Director of Community Events, Natalie, as Marge Simpson back in 2007 was pretty awesome don’t you think? All you need to do is find a green dress at a thrift store (or use one you already have) and craft some blue hair out of paper, using an empty 2-liter soda bottle in the middle for structure. And don’t forget to recycle your hair at the end of the day!

  •  Recyclable hair made of construction paper and 2 liter bottle
  • Preexisting dress
  • Approximate cost – less than $2



Hotline Program Assistant, Barbara, as a French painter.
Hotline Program Assistant, Barbara, as a French painter.

Hotline Program Assistant, Barbara, put together a marvelous costume from items that were around her home. She already owned her beret, and she borrowed a t-shirt and paint brush from family members. A splash of paint and voila! A French painter.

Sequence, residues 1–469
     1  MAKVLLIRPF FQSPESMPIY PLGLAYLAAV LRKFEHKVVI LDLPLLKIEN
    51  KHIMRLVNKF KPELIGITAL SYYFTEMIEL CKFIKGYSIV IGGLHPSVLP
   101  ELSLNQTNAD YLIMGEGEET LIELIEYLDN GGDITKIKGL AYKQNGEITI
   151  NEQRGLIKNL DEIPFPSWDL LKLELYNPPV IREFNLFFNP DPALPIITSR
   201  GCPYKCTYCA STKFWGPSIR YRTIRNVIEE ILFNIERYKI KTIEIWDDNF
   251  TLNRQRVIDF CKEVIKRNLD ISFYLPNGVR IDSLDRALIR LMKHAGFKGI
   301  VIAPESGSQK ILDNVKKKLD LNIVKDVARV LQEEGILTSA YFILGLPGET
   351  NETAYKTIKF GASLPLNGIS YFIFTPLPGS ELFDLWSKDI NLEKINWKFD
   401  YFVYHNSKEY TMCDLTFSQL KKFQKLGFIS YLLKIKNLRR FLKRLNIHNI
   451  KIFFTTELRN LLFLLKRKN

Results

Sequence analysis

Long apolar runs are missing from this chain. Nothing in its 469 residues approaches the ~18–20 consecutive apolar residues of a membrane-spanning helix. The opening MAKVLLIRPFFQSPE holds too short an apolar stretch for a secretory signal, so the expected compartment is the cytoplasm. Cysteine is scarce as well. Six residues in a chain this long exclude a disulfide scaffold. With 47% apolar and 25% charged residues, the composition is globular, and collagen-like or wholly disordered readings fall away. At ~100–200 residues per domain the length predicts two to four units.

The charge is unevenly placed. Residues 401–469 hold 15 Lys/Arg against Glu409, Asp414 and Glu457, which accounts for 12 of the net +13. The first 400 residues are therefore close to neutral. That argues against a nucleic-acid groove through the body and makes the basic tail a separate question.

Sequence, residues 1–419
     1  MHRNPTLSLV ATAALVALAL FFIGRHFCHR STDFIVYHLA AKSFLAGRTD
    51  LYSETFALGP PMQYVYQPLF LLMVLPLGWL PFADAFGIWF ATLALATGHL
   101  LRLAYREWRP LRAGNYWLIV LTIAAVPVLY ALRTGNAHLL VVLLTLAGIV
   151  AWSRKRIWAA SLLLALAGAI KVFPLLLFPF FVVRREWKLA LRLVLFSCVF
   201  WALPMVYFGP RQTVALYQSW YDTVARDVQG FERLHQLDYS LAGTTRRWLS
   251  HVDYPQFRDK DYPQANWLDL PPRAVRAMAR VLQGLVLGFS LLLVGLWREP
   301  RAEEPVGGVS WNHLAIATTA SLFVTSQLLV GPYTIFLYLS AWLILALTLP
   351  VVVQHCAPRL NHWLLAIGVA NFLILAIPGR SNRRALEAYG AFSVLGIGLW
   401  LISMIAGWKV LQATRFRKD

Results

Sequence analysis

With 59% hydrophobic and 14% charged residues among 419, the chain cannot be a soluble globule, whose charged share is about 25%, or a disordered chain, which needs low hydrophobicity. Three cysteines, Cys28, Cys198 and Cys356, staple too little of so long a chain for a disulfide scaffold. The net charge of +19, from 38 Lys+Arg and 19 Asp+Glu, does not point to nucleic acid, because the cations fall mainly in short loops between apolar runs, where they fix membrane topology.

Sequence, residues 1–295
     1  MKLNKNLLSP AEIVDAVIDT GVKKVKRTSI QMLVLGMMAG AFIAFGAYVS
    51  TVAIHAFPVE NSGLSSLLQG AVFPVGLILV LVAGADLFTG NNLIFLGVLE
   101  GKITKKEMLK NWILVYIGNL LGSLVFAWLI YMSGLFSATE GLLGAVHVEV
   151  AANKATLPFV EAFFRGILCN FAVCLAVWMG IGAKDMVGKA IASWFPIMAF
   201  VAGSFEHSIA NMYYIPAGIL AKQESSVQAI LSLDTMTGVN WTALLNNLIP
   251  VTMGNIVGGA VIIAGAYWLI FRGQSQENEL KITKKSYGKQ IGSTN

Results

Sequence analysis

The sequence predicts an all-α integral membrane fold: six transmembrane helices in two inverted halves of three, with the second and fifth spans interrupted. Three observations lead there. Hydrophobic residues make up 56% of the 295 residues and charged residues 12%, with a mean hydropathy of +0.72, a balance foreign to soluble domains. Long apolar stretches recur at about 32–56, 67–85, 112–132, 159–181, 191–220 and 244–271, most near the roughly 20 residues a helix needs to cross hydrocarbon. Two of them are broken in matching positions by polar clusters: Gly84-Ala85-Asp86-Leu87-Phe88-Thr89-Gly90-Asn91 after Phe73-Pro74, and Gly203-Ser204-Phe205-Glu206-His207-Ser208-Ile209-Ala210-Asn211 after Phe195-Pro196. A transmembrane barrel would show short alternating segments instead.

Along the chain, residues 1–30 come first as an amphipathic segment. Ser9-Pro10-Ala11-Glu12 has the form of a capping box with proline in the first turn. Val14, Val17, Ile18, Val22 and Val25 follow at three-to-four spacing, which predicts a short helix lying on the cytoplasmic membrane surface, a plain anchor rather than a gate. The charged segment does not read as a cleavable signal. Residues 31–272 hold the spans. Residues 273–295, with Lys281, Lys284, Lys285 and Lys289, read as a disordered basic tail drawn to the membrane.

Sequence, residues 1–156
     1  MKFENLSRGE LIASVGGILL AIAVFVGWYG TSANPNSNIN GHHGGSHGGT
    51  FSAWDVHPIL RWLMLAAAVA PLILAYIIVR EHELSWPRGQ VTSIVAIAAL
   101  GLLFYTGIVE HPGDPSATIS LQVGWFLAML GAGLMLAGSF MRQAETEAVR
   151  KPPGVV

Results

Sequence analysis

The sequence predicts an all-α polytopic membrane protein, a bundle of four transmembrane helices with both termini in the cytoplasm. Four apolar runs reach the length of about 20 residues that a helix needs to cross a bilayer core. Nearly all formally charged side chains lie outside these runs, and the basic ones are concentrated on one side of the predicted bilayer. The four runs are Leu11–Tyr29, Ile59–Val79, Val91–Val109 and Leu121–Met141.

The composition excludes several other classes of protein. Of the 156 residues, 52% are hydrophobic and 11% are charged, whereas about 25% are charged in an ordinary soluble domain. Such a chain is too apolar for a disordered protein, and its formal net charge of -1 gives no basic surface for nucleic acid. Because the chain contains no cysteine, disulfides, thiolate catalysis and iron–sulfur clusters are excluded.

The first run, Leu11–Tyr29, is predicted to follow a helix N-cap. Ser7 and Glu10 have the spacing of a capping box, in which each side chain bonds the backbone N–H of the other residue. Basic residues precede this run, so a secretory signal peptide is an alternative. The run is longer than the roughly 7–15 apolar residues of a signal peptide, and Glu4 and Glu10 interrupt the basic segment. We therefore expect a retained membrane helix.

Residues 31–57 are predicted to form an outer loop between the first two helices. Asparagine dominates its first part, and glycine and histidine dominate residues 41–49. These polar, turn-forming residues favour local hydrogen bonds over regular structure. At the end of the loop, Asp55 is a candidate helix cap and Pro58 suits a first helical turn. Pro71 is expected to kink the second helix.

•  Preexisting beret
  • Borrowed shirt & paint brush
  • Approximate cost – $0!




Community Events Coordinator, Lexi, as a runny egg!
Community Events Coordinator, Lexi, as a runny egg!

Community Events Coordinator, Lexi , loves a good pun. Here she is as a runny egg – get it?! She wore running clothes she already owned, and cut out runny yolk pieces from yellow construction paper that she recycled at the end of the day.

  •  Preexisting running gear
  • Recyclable construction paper
  • Approximate cost – $0 – $1




Executive Director, Pauline, borrowed her Grecian goddess costume.
Executive Director, Pauline, borrowed her Grecian goddess costume.

Executive Director, Pauline, borrowed her Grecian goddess costume, reminding us that just because you wore a costume one year and are tired of it, doesn’t mean you should trash it! Save it and swap costumes with your friends the next year.

  • Borrowed costume & accessories
  • Approximate cost – $0!




Hopefully you got some good ideas for Halloween, and don’t forget to post your DIY and re-use costumes to our Facebook page!

ILACSD’s Top 5 Scarily Awesome Halloween Crafts (made from items around the house)!